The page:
So says former Warrant Officer Class One (Regimental Sergeant Major) Bob Dixon, RAMC. He joined the UK's Regular Army in 1991, trained as a Combat Medical Technician, moved frequently between the major garrisons in England and Germany, was deployed on operations in Northern Ireland, Croatia, Bosnia, Macedonia, Kosovo, Iraq and Afghanistan primarily with front line units, and took part in overseas exercises in Kenya, Canada, USA, Belize, Jamaica, South Africa and Gibraltar. Bob also received the Meritorious Service Medal in the 2014 New Year's Honours Awards.
He was proud to discover the grave of Staff Sergeant Wilfred Brooke, one of the Great War's most decorated RAMC medics, being awarded the Distinguished Conduct Medal and Bar, Military Medal, Mentioned in Despatches and the Belgian Croix de Guerre. Aged 39, Brooke was originally buried in an unmarked grave at Wallasey's Rake Lane Cemetery in July 1920, after he succumbed to injuries sustained during the war. Realising Brooke had not been commemorated with a Commonwealth War Graves Commission headstone, Bob Dixon requested an official review of the case. The Wirral Globe newspaper subsequently reported on the special ceremony placing an official headstone on Brooke’s grave 95 years after his death and also featured on BBC North West Tonight and in the Liverpool Echo.
Given Bob Dixon’s extensive background experience, I’m very pleased to report his response to:
Brothers in Arms, compiled and edited by Louise Wilson
A thoroughly interesting book written from the first-hand accounts of two brothers of their experiences during the Great War. The book dispenses with long-winded introductions, which I generally ignore, and goes straight into the story. The letters have been carefully compiled and presented wonderfully and I simply couldn’t put the book down. Both men took a different route into and through the war, with the details of their movements, experiences and observations of the war through their eyes being openly translated to family back home in Australia.
One line that sticks out is “if only Steve had lived for six more hours”. As if by cruel fate it was the last action that Stephen’s unit took part in, if only, what might have been if he had survived that fateful day. A terrible loss for the family especially being so far away and not having the immediate opportunity to visit his grave. Dora Boulton departed Australia in 1928 alone to visit her son’s grave on what must have been an emotional 20,000 mile round trip by a devoted mother to close the chapter in her own mind, knowing he truly was at rest.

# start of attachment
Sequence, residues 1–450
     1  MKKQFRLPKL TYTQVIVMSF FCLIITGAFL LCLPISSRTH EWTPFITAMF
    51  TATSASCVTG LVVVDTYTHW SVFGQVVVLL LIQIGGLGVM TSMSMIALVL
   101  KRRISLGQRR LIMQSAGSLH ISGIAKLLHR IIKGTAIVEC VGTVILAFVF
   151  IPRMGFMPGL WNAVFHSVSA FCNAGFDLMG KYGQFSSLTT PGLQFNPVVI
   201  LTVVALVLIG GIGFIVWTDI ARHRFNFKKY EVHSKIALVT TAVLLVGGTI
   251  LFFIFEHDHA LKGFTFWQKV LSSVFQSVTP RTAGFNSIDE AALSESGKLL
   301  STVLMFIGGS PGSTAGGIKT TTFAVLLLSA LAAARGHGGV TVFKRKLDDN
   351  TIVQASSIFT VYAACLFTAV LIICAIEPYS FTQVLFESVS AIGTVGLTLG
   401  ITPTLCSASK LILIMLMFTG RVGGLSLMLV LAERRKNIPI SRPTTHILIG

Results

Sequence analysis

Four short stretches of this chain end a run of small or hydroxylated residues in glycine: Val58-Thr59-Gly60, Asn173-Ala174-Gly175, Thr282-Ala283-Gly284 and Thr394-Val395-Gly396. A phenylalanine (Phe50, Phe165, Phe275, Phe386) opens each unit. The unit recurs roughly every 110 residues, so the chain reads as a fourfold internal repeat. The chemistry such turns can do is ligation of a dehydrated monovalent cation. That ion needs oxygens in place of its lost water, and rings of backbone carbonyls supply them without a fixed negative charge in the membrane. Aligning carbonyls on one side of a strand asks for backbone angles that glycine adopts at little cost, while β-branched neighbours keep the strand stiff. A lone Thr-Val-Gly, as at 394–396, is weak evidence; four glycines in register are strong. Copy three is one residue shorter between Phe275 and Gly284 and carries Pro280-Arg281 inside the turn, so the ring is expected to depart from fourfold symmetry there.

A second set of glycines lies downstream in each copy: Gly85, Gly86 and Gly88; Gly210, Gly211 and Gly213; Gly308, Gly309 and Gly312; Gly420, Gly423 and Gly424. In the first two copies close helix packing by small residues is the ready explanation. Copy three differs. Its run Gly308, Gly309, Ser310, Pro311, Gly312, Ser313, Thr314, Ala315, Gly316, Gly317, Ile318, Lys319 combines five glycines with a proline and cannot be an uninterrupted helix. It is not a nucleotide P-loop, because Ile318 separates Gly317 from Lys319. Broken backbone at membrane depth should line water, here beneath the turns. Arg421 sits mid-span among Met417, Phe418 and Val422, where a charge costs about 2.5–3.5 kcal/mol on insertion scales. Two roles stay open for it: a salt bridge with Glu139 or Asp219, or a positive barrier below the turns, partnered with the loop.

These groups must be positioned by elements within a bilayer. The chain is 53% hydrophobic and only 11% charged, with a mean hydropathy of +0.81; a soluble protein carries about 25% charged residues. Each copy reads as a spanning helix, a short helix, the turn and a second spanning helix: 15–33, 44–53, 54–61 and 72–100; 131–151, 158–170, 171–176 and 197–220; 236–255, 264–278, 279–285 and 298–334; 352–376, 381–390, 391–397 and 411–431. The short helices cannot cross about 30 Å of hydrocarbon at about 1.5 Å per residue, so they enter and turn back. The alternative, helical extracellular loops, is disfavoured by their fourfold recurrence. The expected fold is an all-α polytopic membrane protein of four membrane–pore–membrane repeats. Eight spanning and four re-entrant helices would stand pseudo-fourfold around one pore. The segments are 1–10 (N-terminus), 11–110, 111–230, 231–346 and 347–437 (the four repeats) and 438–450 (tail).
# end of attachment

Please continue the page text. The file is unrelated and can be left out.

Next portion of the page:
I have read many books detailing the first-hand accounts of Generals, Officers and the ordinary Rank and File at the front and certainly rate Brothers in Arms amongst the best in print. It was very moving to read and as a former career soldier I felt an affiliation with these men. I go to France regularly and next time I'm over there I will head over to Roisel Cemetery and place a Poppy Cross on Stephen's grave.
I would recommend this book to any who have the slightest interest in life in the Great War.
The 11 pages of contents is unusual; however, as a researcher, it makes life especially easy by not having to trawl through a 30-page chapter to find a particular piece of information and has altered my view on how I’m going to present my own book for print.
Bob DixonThe Museum of Military Medicine in England now holds a copy of this book. For details of where to purchase 'Brothers in Arms: the Great War Letters of Captain Nigel Boulton, RAMC, & Lieut Stephen Boulton, AIF', see Louise Wilson's website